The evidence points to a simple fact: in countries with high inequality, the wealthy are able to spend and consume indiscriminately, while for individuals with lower incomes, the pressure to buy items to keep up with peers, with the trendsetters, is enormous. This is true for luxury goods and status symbols like clothes and cars, but also for the resources we need to survive, such as food and water.
Inequality exacerbates these consumer behaviours. Even if we as individuals are encouraged to better ourselves, we are made to do so within a world defined by advertising and constant consumption. The definition of success in this world is more dependent on whether or not we have achieved a certain social status, not on whether we are living in a sustainable and equitable society.
Raising Standards For All
Fixing income inequality will not immediately fix these consequences of consumer capitalism, but if we can change these definitions of success, it would be a start. Extreme inequality is simply untenable; the social and economic consequences of inequality are well known, and the growing body of research on inequality’s environmental impacts represent yet another reason for policymakers to tackle this serious problem.
So why haven’t they? The answer is rooted in how power is distributed in affluent societies. The wealthy stratas of society, occupied by political and business elites, obviously benefit from profiting more while the poor receive less, but also stand to gain much more from looser controls on environmental degradation than lower income groups, because fewer rules make their higher consumption cheaper, and allow their assets to generate more wealth.
If the problem is how power is distributed, then any solution has to involve policy mechanisms that allow power to be dispersed more equitably. Comfortingly, none of these remedies are new or groundbreaking, only politically unappealing. To reduce inequality, a limit must be placed on extreme wealth. The lifestyles of billionaires, and the inequality that inevitably accompanies the permittance of extreme wealth, are simply incompatible with an ecologically sustainable and socially dignified world. To save us from the twin crises of environmental disaster and socio-economic despair, extreme inequality cannot exist. This obviously means erasing extreme poverty, but it also means eradicating extreme wealth.
The prominent and popular French economist Thomas Piketty is undoubtedly of this view, as he has called for billionaires to simply be taxed out of existence. This can be done through progressive tax schemes that increase relative to the taxpayer’s wealth. Similar plans have been put forward in the US by the Democratic Party’s more progressive wing, notably championed by US Senator Bernie Sanders. Other proposals include raising the minimum wage, creating a maximum wage and implementing global wealth taxes targeted at multinational corporations.
The ultimate goal, however, is to transfer more power from the employers to the employees. In many affluent countries, workers have little bargaining power in labour markets, and as a result employers have been able to keep wages at historically low levels. Granting workers more rights, protections in the event of unemployment and the opportunity to unionise can give employees more agency over which wages to accept, and which they can reject.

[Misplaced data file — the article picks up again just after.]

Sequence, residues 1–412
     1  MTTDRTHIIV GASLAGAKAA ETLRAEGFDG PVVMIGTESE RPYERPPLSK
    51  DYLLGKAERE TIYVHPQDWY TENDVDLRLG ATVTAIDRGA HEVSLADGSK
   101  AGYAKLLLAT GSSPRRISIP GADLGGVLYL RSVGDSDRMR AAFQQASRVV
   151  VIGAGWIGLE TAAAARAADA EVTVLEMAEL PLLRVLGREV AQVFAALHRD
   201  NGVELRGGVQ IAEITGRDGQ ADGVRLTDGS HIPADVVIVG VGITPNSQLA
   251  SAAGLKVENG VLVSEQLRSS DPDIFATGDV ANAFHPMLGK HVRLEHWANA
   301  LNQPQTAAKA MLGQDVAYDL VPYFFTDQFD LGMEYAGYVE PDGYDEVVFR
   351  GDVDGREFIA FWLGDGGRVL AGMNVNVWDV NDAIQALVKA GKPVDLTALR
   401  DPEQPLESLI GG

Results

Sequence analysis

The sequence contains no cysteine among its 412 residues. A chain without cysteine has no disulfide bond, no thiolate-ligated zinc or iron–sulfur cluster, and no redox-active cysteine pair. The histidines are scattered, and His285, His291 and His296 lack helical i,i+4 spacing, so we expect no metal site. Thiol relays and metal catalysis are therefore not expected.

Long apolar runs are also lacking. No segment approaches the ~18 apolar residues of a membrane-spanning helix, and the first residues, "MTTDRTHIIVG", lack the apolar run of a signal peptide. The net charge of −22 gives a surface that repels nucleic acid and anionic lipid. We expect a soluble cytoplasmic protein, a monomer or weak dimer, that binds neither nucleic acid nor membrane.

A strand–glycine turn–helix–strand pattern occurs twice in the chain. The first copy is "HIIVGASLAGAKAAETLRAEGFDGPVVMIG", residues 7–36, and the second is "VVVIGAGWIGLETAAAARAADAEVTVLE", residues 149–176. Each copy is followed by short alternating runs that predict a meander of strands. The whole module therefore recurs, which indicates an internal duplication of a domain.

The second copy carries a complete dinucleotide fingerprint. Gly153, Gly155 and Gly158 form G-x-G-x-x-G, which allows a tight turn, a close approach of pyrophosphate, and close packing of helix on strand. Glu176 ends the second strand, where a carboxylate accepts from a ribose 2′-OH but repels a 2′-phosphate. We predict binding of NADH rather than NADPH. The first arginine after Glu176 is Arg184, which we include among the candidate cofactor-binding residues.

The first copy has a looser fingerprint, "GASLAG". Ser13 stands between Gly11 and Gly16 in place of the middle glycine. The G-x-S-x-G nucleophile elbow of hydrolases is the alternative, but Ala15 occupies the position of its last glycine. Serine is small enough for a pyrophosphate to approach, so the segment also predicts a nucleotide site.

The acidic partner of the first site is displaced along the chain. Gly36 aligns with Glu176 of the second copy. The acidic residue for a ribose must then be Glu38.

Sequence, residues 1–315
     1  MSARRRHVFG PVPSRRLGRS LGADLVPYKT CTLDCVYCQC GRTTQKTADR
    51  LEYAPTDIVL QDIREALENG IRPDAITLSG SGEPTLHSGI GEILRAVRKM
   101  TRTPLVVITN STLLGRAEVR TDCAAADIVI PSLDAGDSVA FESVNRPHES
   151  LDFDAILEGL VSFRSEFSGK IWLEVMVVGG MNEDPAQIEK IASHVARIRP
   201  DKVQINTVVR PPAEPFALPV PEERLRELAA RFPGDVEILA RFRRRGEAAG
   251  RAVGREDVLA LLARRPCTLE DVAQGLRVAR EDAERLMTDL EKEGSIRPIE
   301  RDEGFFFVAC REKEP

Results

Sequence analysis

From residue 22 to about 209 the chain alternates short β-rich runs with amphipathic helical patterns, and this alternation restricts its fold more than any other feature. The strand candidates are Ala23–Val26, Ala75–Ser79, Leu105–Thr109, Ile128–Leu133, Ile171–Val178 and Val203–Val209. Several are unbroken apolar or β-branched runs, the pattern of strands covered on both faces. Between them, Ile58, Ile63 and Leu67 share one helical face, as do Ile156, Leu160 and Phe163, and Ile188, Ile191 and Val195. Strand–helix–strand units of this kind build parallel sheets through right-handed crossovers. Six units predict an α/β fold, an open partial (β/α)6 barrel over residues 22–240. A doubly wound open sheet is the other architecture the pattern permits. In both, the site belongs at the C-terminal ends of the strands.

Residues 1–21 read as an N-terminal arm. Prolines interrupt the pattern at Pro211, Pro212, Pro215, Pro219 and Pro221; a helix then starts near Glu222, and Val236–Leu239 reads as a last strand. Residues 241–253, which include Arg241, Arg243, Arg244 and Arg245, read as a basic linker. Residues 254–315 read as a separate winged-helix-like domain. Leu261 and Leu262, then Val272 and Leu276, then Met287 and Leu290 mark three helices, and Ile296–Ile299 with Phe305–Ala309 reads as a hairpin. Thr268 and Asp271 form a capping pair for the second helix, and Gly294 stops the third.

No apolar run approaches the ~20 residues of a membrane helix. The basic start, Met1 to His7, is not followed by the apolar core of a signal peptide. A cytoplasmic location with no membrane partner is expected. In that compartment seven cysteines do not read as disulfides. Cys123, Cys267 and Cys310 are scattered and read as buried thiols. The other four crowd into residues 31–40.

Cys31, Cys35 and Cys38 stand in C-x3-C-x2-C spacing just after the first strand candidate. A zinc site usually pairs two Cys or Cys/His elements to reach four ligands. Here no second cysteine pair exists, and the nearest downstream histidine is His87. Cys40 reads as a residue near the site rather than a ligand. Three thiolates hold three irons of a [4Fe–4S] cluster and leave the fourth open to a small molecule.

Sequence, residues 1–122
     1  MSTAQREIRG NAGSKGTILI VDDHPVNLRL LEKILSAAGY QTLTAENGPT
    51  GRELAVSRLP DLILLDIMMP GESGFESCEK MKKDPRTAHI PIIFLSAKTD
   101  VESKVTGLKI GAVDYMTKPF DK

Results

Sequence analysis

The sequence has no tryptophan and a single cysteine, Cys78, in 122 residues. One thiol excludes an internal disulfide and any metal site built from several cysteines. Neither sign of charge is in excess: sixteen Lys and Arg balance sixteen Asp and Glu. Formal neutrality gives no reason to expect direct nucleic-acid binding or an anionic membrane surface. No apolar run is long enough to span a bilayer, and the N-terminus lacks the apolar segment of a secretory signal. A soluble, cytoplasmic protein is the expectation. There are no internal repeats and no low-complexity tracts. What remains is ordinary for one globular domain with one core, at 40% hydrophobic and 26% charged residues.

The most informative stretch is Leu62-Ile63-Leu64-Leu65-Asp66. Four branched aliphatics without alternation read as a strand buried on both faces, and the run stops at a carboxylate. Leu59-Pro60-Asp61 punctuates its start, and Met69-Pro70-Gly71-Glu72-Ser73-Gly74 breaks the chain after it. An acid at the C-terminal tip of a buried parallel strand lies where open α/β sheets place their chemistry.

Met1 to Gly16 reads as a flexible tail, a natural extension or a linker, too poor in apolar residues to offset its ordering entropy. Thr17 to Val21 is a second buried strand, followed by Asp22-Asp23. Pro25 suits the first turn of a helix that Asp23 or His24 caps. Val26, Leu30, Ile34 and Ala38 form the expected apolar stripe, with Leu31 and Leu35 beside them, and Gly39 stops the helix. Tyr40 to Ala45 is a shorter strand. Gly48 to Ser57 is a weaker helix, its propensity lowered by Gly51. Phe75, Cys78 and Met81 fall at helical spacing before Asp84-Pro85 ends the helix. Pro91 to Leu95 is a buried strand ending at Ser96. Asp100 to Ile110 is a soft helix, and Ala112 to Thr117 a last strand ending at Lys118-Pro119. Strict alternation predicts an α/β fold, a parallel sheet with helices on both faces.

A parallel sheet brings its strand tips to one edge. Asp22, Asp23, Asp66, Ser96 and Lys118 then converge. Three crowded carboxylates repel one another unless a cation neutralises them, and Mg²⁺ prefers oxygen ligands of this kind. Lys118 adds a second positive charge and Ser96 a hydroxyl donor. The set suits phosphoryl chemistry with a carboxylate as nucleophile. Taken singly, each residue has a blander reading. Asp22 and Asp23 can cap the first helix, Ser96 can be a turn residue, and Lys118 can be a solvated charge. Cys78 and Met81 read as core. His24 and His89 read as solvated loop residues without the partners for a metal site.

But even in a world without extreme inequality, people from all walks of life will still be searching for self-certification and better self-esteem somehow, so would excess consumption still be a problem?
While reducing inequality would eliminate some of the pressures that drive us to consume so much, buying things is not the only way to self-validate ourselves. Improving environmental quality, reducing inequality and fostering better civic engagement can all lead to a happier and more prosperous society. Buying new things and consumption in and of itself are not necessarily bad, especially for people in poorer countries who are in need of the fruits of technological and material progress, but a focus on consumption as the primary measure of success and self-validation reduces the potential for people to certify the value of their lives through these more sustainable metrics.
These innate tendencies of consumers are only exacerbated by extreme instances of inequality, an emblem of capitalism’s dysfunction that is spreading across the world’s wealthiest countries. Our basic resources and our environment is suffering more because of it, but people are suffering as well. Extreme inequality is a negative and debilitating consequence of consumer capitalism, and invariably causes suboptimal use of human resources and widespread hardship.
Increasing needless consumption and placing more power in the hands of the wealthy impedes society’s ability to face our greatest challenges, and this needs to be fixed. To safeguard our environment and the dignity of each human being, a reorganisation of our institutions and systems of self-validation is required. We need to redirect the energies we expend in seeking fleeting social certification of our value toward non-material goals, such as having more rewarding professions, more collective communities and a healthy environment. This is certainly a long-term goal, but reducing inequality and eliminating extreme wealth are important first steps.
Featured image by: Flickr